A party seeking summary judgment bears the initial burden of informing the court of the basis for its motion, and of identifying those portions of the pleadings and discovery responses that demonstrate the absence of a genuine issue of material fact. Celotex Corp. v. Catrett, 477 U.S. 317, 323, 106 S.Ct. 2548, 91 L.Ed.2d 265 (1986). Material facts are those that might affect the outcome of the case. Anderson v. Liberty Lobby, Inc., 477 U.S. 242, 248, 106 S.Ct. 2505, 91 L.Ed.2d 202 (1986). A dispute as to a material fact is " genuine" if there is sufficient evidence for
a reasonable jury to return a verdict for the nonmoving party. Id.
Where the moving party will have the burden of proof at trial, it must affirmatively demonstrate that no reasonable trier of fact could find other than for the moving party. Soremekun v. Thrifty Payless, Inc., 509 F.3d 978, 984 (9th Cir. 2007). On an issue where the nonmoving party will bear the burden of proof at trial, the moving party may carry its initial burden of production by submitting admissible " evidence negating an essential element of the nonmoving party's case," or by showing, " after suitable discovery," that the " nonmoving party does not have enough evidence of an essential element of its claim or defense to carry its ultimate burden of persuasion at trial." Nissan Fire & Marine Ins. Co., Ltd. v. Fritz Cos., Inc., 210 F.3d 1099, 1105-06 (9th Cir. 2000); see also Celotex, 477 U.S. at 324-25 (moving party can prevail merely by pointing out to the district court that there is an absence of evidence to support the nonmoving party's case).
When the moving party has carried its burden, the nonmoving party must respond with specific facts, supported by admissible evidence, showing a genuine issue for trial. Fed.R.Civ.P. 56(c), (e). But allegedly disputed facts must be material - the existence of only " some alleged factual dispute between the parties will not defeat an otherwise properly supported motion for summary judgment."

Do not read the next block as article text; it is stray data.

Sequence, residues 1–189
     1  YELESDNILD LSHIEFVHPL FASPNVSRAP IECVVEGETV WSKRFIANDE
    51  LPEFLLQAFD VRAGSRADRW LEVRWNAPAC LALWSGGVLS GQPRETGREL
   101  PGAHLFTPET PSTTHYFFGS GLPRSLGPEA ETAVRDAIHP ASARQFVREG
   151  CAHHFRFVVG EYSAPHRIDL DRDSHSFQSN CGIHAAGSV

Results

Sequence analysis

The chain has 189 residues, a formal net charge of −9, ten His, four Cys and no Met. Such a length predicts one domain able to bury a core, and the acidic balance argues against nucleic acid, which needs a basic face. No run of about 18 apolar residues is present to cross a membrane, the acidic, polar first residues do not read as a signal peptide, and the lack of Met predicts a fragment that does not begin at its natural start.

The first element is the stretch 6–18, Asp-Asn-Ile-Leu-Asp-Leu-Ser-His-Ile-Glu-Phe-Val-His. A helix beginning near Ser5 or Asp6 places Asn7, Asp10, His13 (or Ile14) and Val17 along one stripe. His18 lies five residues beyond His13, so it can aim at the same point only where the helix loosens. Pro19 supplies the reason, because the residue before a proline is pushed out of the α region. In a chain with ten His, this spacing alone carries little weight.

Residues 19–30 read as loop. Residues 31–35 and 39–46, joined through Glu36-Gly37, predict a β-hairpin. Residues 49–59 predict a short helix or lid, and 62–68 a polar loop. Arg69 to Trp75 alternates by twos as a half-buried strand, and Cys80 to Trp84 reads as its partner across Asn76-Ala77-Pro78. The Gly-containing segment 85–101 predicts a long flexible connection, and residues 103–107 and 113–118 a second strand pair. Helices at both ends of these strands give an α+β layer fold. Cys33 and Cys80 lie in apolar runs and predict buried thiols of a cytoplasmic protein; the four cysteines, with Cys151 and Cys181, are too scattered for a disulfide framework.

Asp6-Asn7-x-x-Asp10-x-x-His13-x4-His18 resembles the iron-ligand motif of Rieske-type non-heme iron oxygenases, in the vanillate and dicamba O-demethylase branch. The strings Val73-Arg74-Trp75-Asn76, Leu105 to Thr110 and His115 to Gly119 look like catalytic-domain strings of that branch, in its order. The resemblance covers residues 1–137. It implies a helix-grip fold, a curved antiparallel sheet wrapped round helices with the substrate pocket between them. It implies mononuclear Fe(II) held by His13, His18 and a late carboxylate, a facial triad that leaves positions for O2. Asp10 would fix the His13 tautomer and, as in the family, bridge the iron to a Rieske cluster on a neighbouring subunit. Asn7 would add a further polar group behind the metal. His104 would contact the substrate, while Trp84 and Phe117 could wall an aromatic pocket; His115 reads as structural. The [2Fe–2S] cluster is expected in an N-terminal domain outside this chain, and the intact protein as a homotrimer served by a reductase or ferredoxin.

Anderson, 477 U.S. at 247-48.
When deciding a summary judgment motion, a court must view the evidence in the light most favorable to the nonmoving party and draw all justifiable inferences in its favor. Id. at 255; Hunt v. City of Los Angeles, 638 F.3d 703, 709 (9th Cir. 2011).
B. Legal Analysis
Plaintiff's five asserted causes of action coalesce into two groups of claims: the retaliation claims (consisting of the second, fourth, and fifth causes of action) and the harassment/hostile work environment claims (consisting of the first and third causes of action). The court will address each category of claims separately.
As mentioned above, plaintiff asserts three different retaliation claims: retaliation under Title VII (second cause of action), retaliation under FEHA (fourth cause of action), and retaliation under Cal. Labor Code § 98.6 (fifth cause of action).
The relevant standard for a retaliation claim under Title VII is the same as under FEHA; both require a plaintiff to show that (1) he engaged in a protected activity, (2) that his employer subjected him to an adverse employment action, and (3) that a causal link exists between the protected activity and the adverse action. Freitag v. Ayers, 468 F.3d 528, 541 (9th Cir. 2006) (Title VII); Steiner v. Showboat Operating Co., 25 F.3d 1459, 1465 (9th Cir. 1994) (FEHA).
In its motion for summary judgment, defendant primarily takes issue with element (2), arguing that plaintiff was not subjected to any adverse employment action, and further noting that " no specific act of retaliation was alleged in plaintiff's administrative charge." In his opposition brief, plaintiff (who continues to work for defendant) did not identify any actual adverse employment action, but instead argued that the " creation of a hostile work environment constitutes an adverse employment action in a retaliation case," and pointed to the fact that the noose incident occurred " a few months" after plaintiff complained of harassment related to other employees padding time. Plaintiff's position